|Worried doctors wife
Jul 23, 2006
My husband was accidently stuck in the arm by a tech with an HIV infected needle during a surgical procedure. The needle was a hollow needle. He consulted specialist and was given Kaletra and Combivir, which have already started causing side effects.
1. What, in your opinion, are the odds he will actually get HIV from this. 2. In the meantime, while we wait on confirmation, what precautions do we need to take? Sex or no sex, etc
Thanks, worried wife
| Response from Dr. Frascino
1. Without additional details such as how significant the stick was, viral load of the source patient, how soon your husband started PEP, etc. it's difficult for me to comment. The HIV specialist who evaluated him and prescribed his post-exposure prophylaxis would be able to give you a better estimate of his HIV risk than I. What I can tell you is that the average risk for HIV transmission after a percutaneous exposure to HIV-infected blood is estimated to be approximately 0.3% (95% confidence interval).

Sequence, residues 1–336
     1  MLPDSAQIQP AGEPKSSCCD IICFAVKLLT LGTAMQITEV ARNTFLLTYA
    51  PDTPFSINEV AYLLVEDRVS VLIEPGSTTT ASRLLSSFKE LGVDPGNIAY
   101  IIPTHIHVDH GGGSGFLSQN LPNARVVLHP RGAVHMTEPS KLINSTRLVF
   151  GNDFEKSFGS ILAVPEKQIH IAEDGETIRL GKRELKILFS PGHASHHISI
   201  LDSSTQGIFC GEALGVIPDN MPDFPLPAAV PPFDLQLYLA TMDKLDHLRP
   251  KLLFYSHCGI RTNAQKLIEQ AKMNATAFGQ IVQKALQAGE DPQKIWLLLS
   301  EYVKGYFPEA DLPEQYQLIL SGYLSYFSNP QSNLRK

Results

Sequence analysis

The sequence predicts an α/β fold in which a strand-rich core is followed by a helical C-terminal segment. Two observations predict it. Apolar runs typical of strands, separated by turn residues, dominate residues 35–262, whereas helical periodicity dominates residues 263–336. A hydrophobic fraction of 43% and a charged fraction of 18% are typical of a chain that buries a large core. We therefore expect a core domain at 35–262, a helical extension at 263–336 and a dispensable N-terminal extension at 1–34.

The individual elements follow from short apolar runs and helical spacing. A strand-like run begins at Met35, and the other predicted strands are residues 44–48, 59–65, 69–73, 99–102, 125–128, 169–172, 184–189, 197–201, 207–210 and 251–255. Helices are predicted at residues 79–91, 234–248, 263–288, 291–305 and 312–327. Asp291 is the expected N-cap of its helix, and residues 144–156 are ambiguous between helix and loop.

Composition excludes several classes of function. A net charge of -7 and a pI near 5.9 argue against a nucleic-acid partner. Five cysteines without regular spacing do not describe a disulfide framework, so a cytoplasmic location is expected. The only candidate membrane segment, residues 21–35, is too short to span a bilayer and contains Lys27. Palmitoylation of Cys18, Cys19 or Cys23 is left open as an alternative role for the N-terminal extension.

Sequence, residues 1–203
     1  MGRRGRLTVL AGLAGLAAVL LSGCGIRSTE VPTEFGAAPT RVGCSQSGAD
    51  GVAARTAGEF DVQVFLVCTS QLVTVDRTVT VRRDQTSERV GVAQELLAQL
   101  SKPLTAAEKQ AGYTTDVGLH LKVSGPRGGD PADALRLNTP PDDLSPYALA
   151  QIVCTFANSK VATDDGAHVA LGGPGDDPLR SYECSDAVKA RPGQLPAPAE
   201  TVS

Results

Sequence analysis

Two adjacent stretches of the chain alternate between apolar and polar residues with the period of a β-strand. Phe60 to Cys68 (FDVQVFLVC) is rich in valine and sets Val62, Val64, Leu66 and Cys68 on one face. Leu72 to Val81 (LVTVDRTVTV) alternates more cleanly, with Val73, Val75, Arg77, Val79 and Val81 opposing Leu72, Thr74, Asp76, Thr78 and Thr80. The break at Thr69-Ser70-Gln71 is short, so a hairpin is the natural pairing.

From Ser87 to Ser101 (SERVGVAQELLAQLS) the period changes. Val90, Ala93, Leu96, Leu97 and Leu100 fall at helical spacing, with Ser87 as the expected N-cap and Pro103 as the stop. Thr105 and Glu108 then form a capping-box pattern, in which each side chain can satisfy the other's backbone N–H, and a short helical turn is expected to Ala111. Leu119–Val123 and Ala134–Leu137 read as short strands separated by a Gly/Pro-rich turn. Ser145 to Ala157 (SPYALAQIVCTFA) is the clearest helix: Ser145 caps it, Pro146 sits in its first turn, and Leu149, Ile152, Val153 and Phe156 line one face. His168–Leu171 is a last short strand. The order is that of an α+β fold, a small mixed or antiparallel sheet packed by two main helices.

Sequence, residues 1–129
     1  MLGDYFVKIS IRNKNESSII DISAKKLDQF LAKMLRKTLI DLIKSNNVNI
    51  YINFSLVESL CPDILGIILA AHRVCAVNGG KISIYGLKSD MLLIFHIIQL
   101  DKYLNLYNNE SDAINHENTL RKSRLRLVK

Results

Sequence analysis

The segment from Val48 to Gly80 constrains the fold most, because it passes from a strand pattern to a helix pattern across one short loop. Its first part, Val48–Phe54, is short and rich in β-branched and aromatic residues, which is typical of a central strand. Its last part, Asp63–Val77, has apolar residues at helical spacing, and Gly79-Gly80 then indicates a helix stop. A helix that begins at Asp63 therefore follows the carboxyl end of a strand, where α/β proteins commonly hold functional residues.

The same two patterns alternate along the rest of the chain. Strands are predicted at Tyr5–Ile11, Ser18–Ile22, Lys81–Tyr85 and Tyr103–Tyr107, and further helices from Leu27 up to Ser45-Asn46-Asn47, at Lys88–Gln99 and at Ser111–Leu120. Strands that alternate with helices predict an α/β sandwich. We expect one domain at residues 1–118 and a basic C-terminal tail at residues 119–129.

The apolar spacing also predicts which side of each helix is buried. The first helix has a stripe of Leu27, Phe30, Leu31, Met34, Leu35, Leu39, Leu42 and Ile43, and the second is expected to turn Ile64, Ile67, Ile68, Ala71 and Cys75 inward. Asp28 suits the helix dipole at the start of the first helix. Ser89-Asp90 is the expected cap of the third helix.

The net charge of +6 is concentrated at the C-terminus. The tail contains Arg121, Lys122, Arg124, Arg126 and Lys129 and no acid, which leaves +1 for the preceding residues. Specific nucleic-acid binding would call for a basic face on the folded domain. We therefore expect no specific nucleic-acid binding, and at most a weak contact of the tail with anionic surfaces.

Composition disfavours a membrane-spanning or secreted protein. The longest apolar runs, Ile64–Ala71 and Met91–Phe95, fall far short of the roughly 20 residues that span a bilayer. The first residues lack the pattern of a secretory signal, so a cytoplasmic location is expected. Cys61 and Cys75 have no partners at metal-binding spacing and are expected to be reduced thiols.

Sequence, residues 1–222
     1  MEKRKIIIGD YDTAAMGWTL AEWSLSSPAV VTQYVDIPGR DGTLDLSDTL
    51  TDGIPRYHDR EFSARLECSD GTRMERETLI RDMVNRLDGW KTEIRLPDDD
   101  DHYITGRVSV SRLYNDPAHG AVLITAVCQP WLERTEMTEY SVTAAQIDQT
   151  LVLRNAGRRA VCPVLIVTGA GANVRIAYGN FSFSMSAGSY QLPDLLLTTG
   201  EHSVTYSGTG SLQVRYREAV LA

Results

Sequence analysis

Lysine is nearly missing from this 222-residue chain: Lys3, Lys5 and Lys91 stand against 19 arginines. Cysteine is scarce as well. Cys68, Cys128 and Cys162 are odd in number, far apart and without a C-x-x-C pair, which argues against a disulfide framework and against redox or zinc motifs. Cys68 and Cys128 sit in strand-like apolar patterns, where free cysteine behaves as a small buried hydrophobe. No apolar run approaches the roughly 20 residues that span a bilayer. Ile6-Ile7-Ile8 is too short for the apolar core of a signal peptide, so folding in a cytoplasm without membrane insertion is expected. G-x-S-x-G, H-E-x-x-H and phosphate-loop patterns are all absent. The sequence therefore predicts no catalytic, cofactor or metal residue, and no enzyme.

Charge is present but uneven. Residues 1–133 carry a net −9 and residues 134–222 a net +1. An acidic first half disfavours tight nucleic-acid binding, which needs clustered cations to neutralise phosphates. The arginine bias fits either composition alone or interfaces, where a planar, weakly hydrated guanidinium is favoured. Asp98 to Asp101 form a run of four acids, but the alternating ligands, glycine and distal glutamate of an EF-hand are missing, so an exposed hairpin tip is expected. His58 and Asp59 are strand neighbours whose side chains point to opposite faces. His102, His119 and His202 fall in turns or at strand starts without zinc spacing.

2. Use latex condoms and water-based lubricant for sex. (You should take the same precautions as magnetic couples one positive, one negative. You can read about this in the archives.)
The odds remain very favorable that your husband will not acquire HIV from this occupational exposure. However, follow-up testing and completing a full 28-day course of PEP is indeed recommended. If his PEP regimen is bothering him, he should discuss this with the HIV specialist. You could go along to that visit and review any other questions you might have related to prevention.
Good luck to you both.
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